The present invention, in accordance with a preferred embodiment, introduces a new type of parser such that the message flow is not modified in order that context information can be retrieved. Further, in accordance with the preferred embodiment, a received message is not augmented with context information.

The operation of this new parser will be described with reference to FIGS. 4 a, 4 b and 4 c.

With reference first to FIGS. 4 a and 4 b, an instruction is received from a previous parser that the new parser 200 is to access the message part for which it is responsible (step 300). In reality, the new parser is not actually responsible for a physical message part. Rather the new parser deals with context information. Such context information may comprise, for example, configuration information, directory information, currency exchange rates etc. —in other words, information that is required by a message flow to influence its processing.

In accordance with the preferred embodiment, the new parser determines what context information is appropriate for the particular message flow (step 310). This is done by flow detector 210 which detects which message flow (e.g. the name of the message flow) is processing the message in question in order that context retriever 220 can access context definition store 225 to retrieve context information associated with that particular message flow (step 320). The context information is categorised in the context definition store according to message flow name.

Graph constructor and adder component 230 then converts the retrieved context information into a logical representation (step 330). Note, the conversion of the context information into a logical representation will not be described in detail herein. This is because such processing is already well known in the art.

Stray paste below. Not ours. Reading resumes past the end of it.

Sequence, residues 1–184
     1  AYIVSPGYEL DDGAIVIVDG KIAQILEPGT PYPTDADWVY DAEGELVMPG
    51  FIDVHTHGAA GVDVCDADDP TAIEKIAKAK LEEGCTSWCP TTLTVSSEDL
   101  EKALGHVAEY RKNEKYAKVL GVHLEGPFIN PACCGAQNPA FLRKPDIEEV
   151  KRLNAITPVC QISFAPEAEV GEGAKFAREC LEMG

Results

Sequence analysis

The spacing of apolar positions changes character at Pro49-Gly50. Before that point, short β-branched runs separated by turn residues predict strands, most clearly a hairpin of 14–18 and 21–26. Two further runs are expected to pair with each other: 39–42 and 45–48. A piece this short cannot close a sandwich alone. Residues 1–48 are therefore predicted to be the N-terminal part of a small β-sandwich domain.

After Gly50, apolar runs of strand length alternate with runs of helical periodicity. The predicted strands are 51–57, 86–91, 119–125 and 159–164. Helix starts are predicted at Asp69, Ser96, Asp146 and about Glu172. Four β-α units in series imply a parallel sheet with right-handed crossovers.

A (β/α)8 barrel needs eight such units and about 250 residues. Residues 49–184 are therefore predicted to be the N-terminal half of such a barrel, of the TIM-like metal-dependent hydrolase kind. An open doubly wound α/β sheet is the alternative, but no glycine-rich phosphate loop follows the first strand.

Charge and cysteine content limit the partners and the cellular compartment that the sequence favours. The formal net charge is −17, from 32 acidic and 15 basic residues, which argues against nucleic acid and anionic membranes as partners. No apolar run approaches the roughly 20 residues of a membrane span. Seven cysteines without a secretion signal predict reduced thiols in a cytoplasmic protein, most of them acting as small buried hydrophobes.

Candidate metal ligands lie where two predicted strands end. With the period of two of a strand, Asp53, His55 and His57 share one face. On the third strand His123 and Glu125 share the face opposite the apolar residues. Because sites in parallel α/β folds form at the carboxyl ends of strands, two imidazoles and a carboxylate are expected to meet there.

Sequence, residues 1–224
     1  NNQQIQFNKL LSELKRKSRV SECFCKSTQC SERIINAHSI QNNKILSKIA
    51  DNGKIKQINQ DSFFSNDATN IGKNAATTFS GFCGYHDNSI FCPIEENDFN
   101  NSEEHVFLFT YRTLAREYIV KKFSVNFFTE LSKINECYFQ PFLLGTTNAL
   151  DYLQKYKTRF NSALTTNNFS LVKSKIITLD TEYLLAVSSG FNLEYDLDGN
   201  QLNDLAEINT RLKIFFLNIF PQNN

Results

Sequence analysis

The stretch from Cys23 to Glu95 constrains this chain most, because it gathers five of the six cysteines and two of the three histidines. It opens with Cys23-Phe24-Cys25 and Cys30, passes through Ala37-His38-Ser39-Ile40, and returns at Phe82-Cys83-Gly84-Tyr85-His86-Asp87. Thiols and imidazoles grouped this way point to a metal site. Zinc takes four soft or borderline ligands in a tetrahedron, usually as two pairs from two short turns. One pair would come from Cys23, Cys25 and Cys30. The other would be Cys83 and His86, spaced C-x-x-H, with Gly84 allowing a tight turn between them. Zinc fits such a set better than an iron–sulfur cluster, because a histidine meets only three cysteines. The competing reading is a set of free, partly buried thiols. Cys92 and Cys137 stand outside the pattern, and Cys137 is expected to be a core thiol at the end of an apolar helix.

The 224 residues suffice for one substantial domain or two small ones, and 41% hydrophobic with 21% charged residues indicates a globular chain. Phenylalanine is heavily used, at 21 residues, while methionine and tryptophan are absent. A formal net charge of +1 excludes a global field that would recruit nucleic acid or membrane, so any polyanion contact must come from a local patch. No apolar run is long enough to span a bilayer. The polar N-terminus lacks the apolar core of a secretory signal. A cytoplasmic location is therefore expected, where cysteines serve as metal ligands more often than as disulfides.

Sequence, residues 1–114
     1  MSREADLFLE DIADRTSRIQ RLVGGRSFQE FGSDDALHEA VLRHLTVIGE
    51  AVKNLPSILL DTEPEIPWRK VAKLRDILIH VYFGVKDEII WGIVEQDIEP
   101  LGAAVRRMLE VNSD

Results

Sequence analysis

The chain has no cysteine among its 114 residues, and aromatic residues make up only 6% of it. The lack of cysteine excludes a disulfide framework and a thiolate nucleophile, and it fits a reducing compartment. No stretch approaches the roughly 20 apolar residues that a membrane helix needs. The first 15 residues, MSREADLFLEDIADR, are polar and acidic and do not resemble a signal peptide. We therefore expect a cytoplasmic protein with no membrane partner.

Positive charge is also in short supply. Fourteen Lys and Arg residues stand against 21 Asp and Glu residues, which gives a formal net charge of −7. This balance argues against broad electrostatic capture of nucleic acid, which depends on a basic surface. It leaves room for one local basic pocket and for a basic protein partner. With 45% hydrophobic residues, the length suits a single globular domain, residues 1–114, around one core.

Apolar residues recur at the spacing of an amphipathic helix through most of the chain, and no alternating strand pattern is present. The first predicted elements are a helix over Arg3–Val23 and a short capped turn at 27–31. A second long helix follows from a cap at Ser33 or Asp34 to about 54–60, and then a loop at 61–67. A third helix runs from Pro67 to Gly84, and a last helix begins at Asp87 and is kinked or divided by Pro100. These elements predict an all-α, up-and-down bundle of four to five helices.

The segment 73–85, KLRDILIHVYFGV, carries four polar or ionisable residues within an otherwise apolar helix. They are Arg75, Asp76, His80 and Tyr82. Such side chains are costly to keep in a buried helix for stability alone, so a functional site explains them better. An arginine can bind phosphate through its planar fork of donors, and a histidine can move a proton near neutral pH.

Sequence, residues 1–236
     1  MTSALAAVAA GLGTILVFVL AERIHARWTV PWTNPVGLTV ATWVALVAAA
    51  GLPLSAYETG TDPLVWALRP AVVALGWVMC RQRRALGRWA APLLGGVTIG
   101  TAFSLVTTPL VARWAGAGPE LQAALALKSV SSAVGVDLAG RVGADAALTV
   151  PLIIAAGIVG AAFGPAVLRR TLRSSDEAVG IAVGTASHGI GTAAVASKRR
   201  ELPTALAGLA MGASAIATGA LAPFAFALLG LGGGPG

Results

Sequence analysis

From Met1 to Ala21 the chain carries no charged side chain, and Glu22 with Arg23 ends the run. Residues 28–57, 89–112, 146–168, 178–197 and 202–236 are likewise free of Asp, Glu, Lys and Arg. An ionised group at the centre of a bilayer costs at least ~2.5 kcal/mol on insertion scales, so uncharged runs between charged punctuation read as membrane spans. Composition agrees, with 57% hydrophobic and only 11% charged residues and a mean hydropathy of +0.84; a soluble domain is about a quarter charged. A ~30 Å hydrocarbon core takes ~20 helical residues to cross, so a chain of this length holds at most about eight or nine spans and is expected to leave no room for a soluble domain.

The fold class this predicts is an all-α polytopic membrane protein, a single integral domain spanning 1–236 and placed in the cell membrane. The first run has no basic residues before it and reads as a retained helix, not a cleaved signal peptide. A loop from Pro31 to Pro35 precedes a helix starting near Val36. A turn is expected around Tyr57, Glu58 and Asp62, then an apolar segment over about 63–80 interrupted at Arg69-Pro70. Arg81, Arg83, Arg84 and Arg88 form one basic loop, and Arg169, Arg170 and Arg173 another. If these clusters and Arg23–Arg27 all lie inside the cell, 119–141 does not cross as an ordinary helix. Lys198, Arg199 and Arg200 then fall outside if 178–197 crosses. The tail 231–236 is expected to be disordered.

The use of the message flow name to access the appropriate context information from the context definition store is not the only option. For example, in an alternative embodiment, the contents of the message are used to provide a pointer to the appropriate context information in the context definition store. For example, a message may have two header parts and a body. A header 1 parser parses the first header part of the message, a header 2 parser parses the second header part of the message and a body parser parses the body part of the message. Further the new parser is invoked by the header 1 parser and accesses the second header part to extract the pointer (e.g. to extract the name of a department) and then uses this to access the context definition store and to retrieve the appropriate context information. The header 2 parser then also accesses the second header part in order to convert the information found in this second header part into its logical representation.